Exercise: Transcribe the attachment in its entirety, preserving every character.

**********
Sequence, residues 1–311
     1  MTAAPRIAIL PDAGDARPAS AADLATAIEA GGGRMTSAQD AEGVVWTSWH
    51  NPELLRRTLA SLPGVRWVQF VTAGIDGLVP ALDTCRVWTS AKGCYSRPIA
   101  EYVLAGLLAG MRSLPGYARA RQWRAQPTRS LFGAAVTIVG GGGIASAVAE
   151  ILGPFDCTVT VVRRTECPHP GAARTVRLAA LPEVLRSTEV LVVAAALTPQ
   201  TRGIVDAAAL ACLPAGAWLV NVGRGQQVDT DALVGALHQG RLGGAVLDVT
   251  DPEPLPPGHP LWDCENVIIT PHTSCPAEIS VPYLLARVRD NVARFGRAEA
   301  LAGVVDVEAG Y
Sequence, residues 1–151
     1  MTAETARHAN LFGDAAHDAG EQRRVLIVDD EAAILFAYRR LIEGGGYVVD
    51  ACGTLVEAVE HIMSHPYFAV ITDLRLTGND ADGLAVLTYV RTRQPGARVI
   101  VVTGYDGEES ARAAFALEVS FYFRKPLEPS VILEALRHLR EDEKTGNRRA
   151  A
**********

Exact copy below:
Sequence, residues 1–311
     1  MTAAPRIAIL PDAGDARPAS AADLATAIEA GGGRMTSAQD AEGVVWTSWH
    51  NPELLRRTLA SLPGVRWVQF VTAGIDGLVP ALDTCRVWTS AKGCYSRPIA
   101  EYVLAGLLAG MRSLPGYARA RQWRAQPTRS LFGAAVTIVG GGGIASAVAE
   151  ILGPFDCTVT VVRRTECPHP GAARTVRLAA LPEVLRSTEV LVVAAALTPQ
   201  TRGIVDAAAL ACLPAGAWLV NVGRGQQVDT DALVGALHQG RLGGAVLDVT
   251  DPEPLPPGHP LWDCENVIIT PHTSCPAEIS VPYLLARVRD NVARFGRAEA
   301  LAGVVDVEAG Y
Sequence, residues 1–151
     1  MTAETARHAN LFGDAAHDAG EQRRVLIVDD EAAILFAYRR LIEGGGYVVD
    51  ACGTLVEAVE HIMSHPYFAV ITDLRLTGND ADGLAVLTYV RTRQPGARVI
   101  VVTGYDGEES ARAAFALEVS FYFRKPLEPS VILEALRHLR EDEKTGNRRA
   151  A